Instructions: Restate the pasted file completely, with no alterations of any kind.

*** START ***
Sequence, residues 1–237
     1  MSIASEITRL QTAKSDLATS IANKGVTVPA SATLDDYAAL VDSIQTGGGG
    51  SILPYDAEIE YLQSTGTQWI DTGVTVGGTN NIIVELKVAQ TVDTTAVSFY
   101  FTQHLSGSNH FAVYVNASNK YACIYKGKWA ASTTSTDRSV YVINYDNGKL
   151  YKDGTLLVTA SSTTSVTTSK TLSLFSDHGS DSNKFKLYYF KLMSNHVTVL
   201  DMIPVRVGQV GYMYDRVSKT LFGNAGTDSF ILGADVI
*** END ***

Sequence, residues 1–237
     1  MSIASEITRL QTAKSDLATS IANKGVTVPA SATLDDYAAL VDSIQTGGGG
    51  SILPYDAEIE YLQSTGTQWI DTGVTVGGTN NIIVELKVAQ TVDTTAVSFY
   101  FTQHLSGSNH FAVYVNASNK YACIYKGKWA ASTTSTDRSV YVINYDNGKL
   151  YKDGTLLVTA SSTTSVTTSK TLSLFSDHGS DSNKFKLYYF KLMSNHVTVL
   201  DMIPVRVGQV GYMYDRVSKT LFGNAGTDSF ILGADVI